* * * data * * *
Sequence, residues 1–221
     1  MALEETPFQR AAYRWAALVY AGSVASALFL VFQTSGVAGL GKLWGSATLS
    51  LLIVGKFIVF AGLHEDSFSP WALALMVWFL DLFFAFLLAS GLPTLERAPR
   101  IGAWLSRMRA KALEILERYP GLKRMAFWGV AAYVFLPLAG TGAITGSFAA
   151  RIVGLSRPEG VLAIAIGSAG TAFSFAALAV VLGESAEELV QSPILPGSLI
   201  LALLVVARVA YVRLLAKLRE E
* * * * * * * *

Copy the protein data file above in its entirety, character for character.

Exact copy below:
Sequence, residues 1–221
     1  MALEETPFQR AAYRWAALVY AGSVASALFL VFQTSGVAGL GKLWGSATLS
    51  LLIVGKFIVF AGLHEDSFSP WALALMVWFL DLFFAFLLAS GLPTLERAPR
   101  IGAWLSRMRA KALEILERYP GLKRMAFWGV AAYVFLPLAG TGAITGSFAA
   151  RIVGLSRPEG VLAIAIGSAG TAFSFAALAV VLGESAEELV QSPILPGSLI
   201  LALLVVARVA YVRLLAKLRE E